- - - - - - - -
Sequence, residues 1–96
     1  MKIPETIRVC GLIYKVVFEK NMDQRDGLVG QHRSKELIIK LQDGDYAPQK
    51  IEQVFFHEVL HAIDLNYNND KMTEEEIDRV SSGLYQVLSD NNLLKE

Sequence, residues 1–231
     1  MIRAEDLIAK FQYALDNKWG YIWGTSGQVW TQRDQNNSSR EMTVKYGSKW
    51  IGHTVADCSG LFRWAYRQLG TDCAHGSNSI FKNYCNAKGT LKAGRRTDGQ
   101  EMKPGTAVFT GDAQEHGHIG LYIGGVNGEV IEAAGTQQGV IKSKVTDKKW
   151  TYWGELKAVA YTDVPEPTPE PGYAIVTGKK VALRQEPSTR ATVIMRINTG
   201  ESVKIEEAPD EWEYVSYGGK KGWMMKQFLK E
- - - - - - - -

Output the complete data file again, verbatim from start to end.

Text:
Sequence, residues 1–96
     1  MKIPETIRVC GLIYKVVFEK NMDQRDGLVG QHRSKELIIK LQDGDYAPQK
    51  IEQVFFHEVL HAIDLNYNND KMTEEEIDRV SSGLYQVLSD NNLLKE

Sequence, residues 1–231
     1  MIRAEDLIAK FQYALDNKWG YIWGTSGQVW TQRDQNNSSR EMTVKYGSKW
    51  IGHTVADCSG LFRWAYRQLG TDCAHGSNSI FKNYCNAKGT LKAGRRTDGQ
   101  EMKPGTAVFT GDAQEHGHIG LYIGGVNGEV IEAAGTQQGV IKSKVTDKKW
   151  TYWGELKAVA YTDVPEPTPE PGYAIVTGKK VALRQEPSTR ATVIMRINTG
   201  ESVKIEEAPD EWEYVSYGGK KGWMMKQFLK E